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Making an Image for Swarthmore

Many of you who have walked on the path bordering Kohlberg Hall and the Trotter Hall lawn might have noticed what looks like a Naia Installing Shrinetree shrine straight out of the streets of India or rural China, with its flags on a rope chain proclaiming the virtues of Compassion, Wisdom, Peace, Equality, Solidarity, and Respect.  Well, you'd be right. Naia Poyer, Art Major and Religion Minor '14, has constructed an icon and a tree shrine to honor the values of Swarthmore College as she sees it. 

Inspired by Hindu and Buddhist icons that she studied in Professor Steven Hopkins' class The Power of Images in Spring 2012, Naia made an icon of Lucretia Mott as a transgendered, multi-racial and multi-armed godLucretia Glorydess astride her flaming Phoenix, holding safely in her womb the campus Quaker Meeting House, and brandishing in each of her graceful hands symbols that represent service and leadership, scholarship, the Social Sciences, Natural Sciences, and Humanities, and the virtues of athletic discipline.  Naia performed a "consecration" ceremony for her icon the day of the course final exam review, painting in the eyes of the image, and the class all walked over to the tree together, where Naia installed Lucretia in her natural shrine-cave at the base of the tree.  The image and shrine flags will remain there as long as they survive the weather, a witness to some of the manifold virtues of the College.Tree Shrine

Naia reflects on her process and the meaning of this image for Swarthmore:

" I think I love religion too much to sign up. It's like asking me to commit to one kind of tea forever, to dress in a single color for life, or to share my secrets with just one friend.  Nope. I'm a religion voyeur. I like to WATCH . . .  When I took The Power of Images taught by Steven Hopkins . . .  I stared and stared at those gorgeous snapshots of Hindu shrines sprung up overnight like miraculous technicolor weeds, at Jizo shrines overflowing with little statues; shimenawa, omamori, baby Krishnas, reliquaries, Shiva processions . . . Do you know what it's LIKE to be both an artist and a student of religion? Have you ever been forced, starving and depressed, to look at hundreds of professional photos of world-class sushi or baked goods? It was a lot like that. I thought, 'why don't we DO anything like this?' The religious experience—ANY religious experience—is a thing beyond everyday description. To me that comes across best in a riot of color, clutter, sound, smell, and ceremony.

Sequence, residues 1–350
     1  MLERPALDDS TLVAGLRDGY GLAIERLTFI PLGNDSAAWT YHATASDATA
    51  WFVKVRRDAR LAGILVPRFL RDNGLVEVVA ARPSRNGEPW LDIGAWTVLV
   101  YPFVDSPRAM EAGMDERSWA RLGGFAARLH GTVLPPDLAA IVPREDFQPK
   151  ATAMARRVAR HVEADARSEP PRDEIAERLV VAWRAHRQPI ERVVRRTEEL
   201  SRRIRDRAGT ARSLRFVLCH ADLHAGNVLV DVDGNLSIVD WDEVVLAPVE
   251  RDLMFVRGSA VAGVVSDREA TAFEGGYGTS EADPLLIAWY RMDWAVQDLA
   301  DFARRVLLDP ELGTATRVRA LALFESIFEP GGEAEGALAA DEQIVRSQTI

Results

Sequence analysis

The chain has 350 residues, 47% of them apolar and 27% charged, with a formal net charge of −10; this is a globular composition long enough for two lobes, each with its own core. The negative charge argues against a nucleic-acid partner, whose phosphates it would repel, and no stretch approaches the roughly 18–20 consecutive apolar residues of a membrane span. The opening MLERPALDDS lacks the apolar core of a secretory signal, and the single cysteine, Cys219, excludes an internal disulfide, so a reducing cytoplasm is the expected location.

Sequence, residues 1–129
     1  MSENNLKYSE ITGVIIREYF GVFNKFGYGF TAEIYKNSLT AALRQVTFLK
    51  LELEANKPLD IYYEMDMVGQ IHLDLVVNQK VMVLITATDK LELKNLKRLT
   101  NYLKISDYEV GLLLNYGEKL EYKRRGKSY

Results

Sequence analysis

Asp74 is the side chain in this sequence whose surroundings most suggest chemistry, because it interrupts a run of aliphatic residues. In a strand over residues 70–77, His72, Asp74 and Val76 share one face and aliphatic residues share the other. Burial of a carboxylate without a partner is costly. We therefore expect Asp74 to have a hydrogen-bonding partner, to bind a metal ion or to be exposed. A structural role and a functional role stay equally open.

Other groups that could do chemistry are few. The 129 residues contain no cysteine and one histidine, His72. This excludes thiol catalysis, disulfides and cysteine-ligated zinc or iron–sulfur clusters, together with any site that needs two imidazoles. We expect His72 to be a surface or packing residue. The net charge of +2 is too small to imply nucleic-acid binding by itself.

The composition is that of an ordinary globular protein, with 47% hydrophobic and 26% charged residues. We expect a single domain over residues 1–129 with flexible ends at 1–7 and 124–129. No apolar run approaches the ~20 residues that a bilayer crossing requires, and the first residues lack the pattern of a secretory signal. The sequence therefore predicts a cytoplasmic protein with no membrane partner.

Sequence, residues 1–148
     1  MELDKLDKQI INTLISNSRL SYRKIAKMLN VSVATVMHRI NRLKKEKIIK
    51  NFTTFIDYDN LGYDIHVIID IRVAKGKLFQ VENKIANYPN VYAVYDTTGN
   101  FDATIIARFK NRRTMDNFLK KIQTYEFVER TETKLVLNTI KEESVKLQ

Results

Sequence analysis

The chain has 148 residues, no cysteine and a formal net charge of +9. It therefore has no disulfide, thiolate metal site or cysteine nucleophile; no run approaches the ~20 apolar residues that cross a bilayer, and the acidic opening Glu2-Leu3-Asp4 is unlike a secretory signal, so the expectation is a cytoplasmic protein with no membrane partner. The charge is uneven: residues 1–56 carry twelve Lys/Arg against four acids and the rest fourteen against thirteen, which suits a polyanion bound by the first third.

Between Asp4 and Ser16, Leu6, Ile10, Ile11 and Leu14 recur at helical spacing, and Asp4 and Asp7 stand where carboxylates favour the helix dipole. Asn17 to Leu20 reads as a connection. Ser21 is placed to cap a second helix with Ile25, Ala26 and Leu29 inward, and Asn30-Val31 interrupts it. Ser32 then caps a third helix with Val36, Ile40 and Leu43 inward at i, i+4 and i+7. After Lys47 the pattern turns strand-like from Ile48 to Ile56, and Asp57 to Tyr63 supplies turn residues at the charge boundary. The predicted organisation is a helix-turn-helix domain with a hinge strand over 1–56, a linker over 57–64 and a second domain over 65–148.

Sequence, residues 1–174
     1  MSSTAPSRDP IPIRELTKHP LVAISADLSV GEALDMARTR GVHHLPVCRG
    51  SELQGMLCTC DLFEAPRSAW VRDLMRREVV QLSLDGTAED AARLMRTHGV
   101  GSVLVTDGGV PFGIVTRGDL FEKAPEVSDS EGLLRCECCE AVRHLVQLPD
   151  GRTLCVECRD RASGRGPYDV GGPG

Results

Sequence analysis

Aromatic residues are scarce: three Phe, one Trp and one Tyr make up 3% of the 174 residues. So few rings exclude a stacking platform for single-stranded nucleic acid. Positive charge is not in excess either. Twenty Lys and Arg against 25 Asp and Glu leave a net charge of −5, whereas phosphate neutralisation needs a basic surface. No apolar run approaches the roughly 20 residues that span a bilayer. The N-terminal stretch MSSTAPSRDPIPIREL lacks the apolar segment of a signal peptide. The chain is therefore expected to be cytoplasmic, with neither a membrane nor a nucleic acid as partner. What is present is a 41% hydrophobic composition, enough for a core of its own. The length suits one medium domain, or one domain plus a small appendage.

Icon in TreeNow most religious doctrines will tell you that merely sitting around complaining is bad (although Lao Tzu would be totally okay with just the sitting part). So I went into Artist Mode and fixed the problem. Now my only remaining lament is that I wasn't born into a family of lost-wax-process-using Hindu icon makers.

The Goddess Lucretia is very much enjoying her snug little yoni-shaped tree aperture. She is made of wood, PC-7, acrylic paint, and more coatsof lacquer than a Zen mummy. Her eyes were opened with a special consecration ceremony and offerings of water and tealeaves (being a Swattie, she is partial to all things caffeinated).

I won't go into all her symbolism, because I'm sure at a glance you can figure it all out. You're a Swattie, and Lucretia loves you. You'll find a box of prayer slips and a pencil hiding in the tree with her for leaving notes, prayers, and wishes."